Jobbaloon unleash a playful slice of folky-psyche consciousness on album, The Invitation.
Detroit-based psyche-pop duo Jobbaloon (Joshua Achatz and Justin Squires) are used to not playing by the rules, and it shows on their album, The Invitation. With a record featuring short, yet strongly developed music, the duo bend ideas to their will with hints of psychedelia creeping in every now and again.
Leading into the record with a short and somewhat creepy/meditative intro, depending on which side of the fence you sit, a voice touts a ‘stillness’ that is unto itself before quickly leading into the electro-beat driven album-titled track, The Invitation. It’s a unique way to begin the album and helps set up a short, synthy, spoken-word opener that once again builds on a metaphysical and questioning tone with a slightly menacing undertone.
Bm then switches things up with a more pop-driven yet psychedelic sound that builds up against gentle piano in the background. The vocals this time show off their singing capabilities as vocal manipulation, later on, takes us back to that slightly chilling yet pleasing atmosphere. It’s a catchy track and shows off the inventiveness of the duo.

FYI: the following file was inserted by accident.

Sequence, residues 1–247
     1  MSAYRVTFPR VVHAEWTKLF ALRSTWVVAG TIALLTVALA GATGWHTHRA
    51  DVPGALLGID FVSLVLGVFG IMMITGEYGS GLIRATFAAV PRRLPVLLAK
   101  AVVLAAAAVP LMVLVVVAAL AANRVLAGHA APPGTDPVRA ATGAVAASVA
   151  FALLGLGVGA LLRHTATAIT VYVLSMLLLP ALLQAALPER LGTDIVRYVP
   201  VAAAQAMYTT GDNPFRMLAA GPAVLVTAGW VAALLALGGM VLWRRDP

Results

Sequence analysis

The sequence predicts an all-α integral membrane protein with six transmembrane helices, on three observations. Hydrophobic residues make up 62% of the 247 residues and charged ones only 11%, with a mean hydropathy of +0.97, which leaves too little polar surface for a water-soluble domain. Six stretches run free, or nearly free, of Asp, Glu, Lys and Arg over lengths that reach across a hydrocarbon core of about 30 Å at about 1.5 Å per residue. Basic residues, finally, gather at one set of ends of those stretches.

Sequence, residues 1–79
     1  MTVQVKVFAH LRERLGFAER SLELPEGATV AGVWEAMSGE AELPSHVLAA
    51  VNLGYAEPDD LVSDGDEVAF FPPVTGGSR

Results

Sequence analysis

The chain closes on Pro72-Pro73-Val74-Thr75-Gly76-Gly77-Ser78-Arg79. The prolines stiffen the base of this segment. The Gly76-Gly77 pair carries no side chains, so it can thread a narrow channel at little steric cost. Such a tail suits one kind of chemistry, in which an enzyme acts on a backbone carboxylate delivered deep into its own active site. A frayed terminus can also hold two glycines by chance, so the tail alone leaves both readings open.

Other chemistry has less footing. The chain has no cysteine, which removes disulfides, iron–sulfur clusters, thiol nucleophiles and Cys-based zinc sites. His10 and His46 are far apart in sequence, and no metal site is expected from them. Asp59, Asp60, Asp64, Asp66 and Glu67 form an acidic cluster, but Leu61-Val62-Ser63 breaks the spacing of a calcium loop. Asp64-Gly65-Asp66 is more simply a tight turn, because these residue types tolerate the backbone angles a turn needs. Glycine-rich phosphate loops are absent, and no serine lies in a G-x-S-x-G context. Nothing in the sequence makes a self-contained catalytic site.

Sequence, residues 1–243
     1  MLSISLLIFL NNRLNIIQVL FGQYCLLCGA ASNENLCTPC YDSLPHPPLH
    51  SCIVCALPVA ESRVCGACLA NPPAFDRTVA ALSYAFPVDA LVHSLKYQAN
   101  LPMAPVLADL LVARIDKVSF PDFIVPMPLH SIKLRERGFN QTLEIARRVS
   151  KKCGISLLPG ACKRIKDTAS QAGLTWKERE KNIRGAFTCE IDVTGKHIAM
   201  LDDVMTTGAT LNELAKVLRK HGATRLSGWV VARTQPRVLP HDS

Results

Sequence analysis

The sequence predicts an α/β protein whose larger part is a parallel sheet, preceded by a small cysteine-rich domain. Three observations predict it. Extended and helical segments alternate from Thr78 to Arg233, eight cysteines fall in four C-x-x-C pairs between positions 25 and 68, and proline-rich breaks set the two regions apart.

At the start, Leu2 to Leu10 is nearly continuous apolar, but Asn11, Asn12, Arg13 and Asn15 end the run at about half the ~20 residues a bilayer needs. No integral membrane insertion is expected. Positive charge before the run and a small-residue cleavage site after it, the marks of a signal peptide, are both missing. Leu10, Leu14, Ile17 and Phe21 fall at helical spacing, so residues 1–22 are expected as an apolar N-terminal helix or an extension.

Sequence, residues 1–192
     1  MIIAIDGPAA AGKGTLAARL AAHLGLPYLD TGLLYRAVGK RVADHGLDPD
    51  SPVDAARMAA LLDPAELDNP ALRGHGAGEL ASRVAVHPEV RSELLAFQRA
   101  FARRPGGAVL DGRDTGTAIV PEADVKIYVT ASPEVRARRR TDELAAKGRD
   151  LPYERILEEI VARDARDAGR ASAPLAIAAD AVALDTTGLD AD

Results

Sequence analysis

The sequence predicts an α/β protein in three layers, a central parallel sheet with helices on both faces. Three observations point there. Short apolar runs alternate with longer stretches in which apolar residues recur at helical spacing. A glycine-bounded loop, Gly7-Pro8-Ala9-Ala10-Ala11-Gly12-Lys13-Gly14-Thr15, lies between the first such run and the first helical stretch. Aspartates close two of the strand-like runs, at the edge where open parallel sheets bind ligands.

If one thing can be said about the album, it’s the intention to not ‘stay with the norm’ that is rife throughout, yet the band still manage to build around an overall sound. It’s impressive work, in the fact that most of the tracks are also pretty short. Baby Blue comes in at just under two minutes but manages to do everything it needs to in this time, Joshua Achatz having real fun vocally, bringing back that settled piano against big beats and a big chorus. Am follows, making use of layered vocals and drums really controlling the track as they flit between different ideas.
For all the talk of psychedelia, it does, at times, feel like it could push this side of the music a little more, just teetering on the edge instead of fully exploring. All I Need has strong melodies and sits well against the guitar and piano-based rhythm, but you just feel it’s about to explode into something new which never arises. The record does end on a high with the pop-rhythm of Days, the guitar taking centre-stage with an almost Spanish vibe that comes alive in the chorus.
The Invitation by Jobbaloon is an interesting and, at times, vibrant record that plays around with an overall atmosphere of settled, contemplative sounds. The vocals, when allowed to, dance around the music in subtle yet empowering ways with the music steadily allowed to unfurl as the tracks develop. If they could delve into the more psychedelic elements a little more in the future, it would be really interesting to see what they come up with.